The bottom line is that none of these sorts of choices can be made in isolation. Looking at the choices through a single lens, whether it is performance, cost, or capability, is rarely sufficient to make the best choice. What is more the best choice may seem like a "bad" choice from an engineering perspective but great from a finance perspective. Similarly a good choice from a finance perspective could be a horrible choice from an engineering perspective.
What is important is to keep in mind the strengths of the various choices available to you, and their weaknesses. Then to select from them based on the current and future requirements for the resulting system.
That is because a memory transaction involves "opening" a page, and then "doing the operation", which can be one to several hundred locations long. "Pointer chasing", code that reads in a structure, then deferences a pointer to another structure, then derefences that pointer to still another stucture, Etc. was really hard on the memory subsystem. It burned a lot of memory ops reading relatively small chunks of memory.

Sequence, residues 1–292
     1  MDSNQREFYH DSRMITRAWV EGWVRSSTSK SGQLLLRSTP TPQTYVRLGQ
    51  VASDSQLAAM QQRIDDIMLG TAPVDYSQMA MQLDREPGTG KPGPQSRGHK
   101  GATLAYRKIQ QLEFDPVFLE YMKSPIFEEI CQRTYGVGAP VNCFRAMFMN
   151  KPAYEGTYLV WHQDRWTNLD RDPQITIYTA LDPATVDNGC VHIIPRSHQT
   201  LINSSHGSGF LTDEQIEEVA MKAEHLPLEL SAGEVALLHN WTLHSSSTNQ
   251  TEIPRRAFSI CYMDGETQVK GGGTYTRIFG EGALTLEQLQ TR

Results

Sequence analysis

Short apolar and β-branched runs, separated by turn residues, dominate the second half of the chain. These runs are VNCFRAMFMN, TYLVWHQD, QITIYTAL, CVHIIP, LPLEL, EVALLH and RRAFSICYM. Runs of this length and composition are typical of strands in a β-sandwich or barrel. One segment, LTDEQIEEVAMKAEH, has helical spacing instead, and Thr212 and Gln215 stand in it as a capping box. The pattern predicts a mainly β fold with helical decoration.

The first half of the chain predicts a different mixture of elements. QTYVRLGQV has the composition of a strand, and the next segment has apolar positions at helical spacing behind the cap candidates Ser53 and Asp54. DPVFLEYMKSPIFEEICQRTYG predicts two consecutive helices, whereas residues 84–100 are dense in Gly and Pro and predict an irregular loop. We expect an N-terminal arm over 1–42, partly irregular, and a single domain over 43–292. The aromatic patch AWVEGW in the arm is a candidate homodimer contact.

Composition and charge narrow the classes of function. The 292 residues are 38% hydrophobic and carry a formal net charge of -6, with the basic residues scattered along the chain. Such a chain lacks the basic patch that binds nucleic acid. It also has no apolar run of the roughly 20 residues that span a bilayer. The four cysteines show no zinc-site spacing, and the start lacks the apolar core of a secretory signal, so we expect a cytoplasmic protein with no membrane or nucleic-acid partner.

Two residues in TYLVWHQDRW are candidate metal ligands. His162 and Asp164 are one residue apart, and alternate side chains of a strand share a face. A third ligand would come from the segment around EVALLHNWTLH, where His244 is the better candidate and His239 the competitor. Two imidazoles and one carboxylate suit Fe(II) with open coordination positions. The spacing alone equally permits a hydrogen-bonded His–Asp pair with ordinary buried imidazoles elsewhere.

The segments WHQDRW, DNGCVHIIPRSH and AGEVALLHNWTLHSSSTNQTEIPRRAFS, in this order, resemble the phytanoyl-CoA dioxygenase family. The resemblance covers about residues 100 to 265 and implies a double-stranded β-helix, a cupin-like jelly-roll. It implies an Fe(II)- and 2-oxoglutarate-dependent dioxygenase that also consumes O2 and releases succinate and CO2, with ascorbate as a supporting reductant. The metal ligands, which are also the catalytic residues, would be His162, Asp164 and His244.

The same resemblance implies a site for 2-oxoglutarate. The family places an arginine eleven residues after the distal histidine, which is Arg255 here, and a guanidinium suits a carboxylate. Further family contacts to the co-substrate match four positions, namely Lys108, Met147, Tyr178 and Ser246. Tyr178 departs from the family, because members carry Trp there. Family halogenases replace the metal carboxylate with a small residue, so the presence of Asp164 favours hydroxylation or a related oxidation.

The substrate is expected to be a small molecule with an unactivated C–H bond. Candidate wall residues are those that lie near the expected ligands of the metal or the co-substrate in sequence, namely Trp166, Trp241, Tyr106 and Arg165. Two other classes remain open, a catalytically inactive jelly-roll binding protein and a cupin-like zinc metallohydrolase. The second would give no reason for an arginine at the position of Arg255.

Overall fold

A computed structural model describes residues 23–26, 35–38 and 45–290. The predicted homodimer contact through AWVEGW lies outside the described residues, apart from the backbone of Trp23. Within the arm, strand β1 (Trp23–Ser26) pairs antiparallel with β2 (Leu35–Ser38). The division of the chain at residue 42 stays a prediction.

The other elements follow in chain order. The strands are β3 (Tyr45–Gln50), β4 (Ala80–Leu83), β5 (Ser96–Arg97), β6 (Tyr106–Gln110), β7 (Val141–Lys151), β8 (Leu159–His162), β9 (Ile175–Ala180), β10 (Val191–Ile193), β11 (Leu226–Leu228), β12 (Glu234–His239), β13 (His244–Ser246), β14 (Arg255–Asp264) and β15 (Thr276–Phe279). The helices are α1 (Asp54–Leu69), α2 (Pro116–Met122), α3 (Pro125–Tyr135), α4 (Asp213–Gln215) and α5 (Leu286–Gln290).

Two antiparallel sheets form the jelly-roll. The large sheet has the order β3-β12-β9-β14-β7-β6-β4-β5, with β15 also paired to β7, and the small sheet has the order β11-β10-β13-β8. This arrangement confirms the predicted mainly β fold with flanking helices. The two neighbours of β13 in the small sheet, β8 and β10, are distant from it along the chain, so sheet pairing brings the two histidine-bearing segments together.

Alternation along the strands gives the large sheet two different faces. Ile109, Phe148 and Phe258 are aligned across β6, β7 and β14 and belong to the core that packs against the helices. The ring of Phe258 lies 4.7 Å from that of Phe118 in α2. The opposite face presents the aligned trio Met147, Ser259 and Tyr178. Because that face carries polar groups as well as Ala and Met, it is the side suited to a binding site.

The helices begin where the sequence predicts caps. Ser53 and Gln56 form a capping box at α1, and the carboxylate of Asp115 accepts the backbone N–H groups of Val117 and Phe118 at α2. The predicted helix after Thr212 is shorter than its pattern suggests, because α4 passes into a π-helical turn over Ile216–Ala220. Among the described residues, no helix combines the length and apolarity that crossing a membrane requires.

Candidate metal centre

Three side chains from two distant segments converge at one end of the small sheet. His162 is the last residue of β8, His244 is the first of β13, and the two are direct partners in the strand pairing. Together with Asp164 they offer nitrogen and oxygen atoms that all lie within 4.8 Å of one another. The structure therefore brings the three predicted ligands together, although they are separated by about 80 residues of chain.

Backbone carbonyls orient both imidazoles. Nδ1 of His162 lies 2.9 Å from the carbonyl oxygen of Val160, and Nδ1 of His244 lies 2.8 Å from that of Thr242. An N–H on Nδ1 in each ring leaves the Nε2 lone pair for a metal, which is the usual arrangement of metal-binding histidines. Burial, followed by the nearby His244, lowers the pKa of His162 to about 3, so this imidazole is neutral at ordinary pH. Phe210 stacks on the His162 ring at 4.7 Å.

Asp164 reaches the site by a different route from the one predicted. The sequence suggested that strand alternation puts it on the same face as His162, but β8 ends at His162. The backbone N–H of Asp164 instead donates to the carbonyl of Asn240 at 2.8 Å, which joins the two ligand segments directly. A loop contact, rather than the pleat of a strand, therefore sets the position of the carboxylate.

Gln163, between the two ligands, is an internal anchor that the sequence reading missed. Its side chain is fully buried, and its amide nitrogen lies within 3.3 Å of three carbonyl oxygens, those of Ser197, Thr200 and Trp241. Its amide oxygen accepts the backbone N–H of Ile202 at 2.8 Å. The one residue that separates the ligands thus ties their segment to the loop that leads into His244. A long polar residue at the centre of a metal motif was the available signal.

Its a great topic in systems architecture and there are a number of papers on it.
Still not 1000 machines, but one cost in this scenario is that you also won't have to pay for the humans to run the network the 1000 machines live on, or the power for 999 machines, or the cooling, or the floorspace, etc.
"RAM is for the stack and SSDs are for heap" is a phrase I'm starting to hear.
There are plenty of cases where your rule doesn't hold true, and I don't think that they're that uncommon.
Plus having many machines has the advantage of a higher granularity of control over workload and balancing.